CMC is going to stream webinar sessions and online keynotes between July 6 to July 10 to avoid overloading delegates while they’re at home, says CMC editorial director Greg Childs. It will also provide delegates with the ability to build their own conference schedules, and view on-demand content.
Unlike the captive audience at a venue, organizers can’t predict people’s at-home situation. Will audiences tune in for the entire day, or will they be distracted when an important email comes up, or a toddler refuses to nap? But to build engagement during the event, CMC is also going run online social events.
There are also concerns that, as the novelty wears off, people will lose interest in virtual events.
“I am concerned that people will get tired of managing their meetings, their social life, their cultural life and then business intel through the same platforms,” Childs says. “The way we are approaching it is by not doing too much—just once a week, and keeping it to two pieces of content an hour.”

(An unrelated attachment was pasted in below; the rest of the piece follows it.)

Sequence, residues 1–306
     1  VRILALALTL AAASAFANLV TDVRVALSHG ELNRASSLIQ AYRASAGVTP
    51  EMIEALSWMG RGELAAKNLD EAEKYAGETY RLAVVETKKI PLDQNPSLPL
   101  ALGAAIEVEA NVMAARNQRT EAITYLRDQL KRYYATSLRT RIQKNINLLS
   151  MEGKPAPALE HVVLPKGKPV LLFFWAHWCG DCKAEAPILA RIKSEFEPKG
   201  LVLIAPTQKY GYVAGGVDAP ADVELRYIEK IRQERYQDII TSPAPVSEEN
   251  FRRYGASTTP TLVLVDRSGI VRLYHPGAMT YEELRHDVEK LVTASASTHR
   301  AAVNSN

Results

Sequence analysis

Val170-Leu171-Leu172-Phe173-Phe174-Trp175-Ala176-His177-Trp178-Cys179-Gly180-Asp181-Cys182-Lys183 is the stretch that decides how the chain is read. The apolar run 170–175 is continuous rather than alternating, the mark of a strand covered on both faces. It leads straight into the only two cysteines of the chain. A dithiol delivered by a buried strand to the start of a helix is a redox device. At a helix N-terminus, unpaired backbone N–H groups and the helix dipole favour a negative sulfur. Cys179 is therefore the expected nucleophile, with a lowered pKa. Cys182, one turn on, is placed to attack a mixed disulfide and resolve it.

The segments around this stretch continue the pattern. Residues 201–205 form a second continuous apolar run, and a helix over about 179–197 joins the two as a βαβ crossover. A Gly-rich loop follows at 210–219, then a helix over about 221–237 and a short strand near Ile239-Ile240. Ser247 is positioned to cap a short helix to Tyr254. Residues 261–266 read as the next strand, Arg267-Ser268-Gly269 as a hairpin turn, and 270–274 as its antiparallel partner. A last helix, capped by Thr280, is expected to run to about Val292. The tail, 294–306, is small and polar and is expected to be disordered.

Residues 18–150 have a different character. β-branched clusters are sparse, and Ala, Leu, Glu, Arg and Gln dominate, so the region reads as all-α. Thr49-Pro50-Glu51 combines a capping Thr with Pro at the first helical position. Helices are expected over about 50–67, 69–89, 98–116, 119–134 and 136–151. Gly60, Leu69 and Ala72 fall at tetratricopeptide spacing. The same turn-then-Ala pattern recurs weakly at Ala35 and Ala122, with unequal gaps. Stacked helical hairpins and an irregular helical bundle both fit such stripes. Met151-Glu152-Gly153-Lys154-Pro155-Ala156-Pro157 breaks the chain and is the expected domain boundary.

Childs sees growth opportunities for the conference as it moves online, including connecting with students or far-flung producers who may not otherwise have been able to attend.
Overall, he’s not worried about the future of markets. “Our conversations will change, and the topics we address must be different now, but there’s always going to be a place for those of us who create face-to-face events because people in the industry are always looking to connect with one another in person,” he says.
The event’s full program of sessions and speakers will be announced on the CMC website ahead of the conference.
After hearing from attendees that networking is a must-have, Annecy International Animated Film Festival’s MIFA market is prioritizing one-on-one meetings as it transitions to a digital format. Originally scheduled to run from June 15 to 20, the event—which last year drew 12,300 attendees—scaled back its conference segment because it didn’t have the time to handle both content and networking, says Véronique Encrenaz, head of MIFA.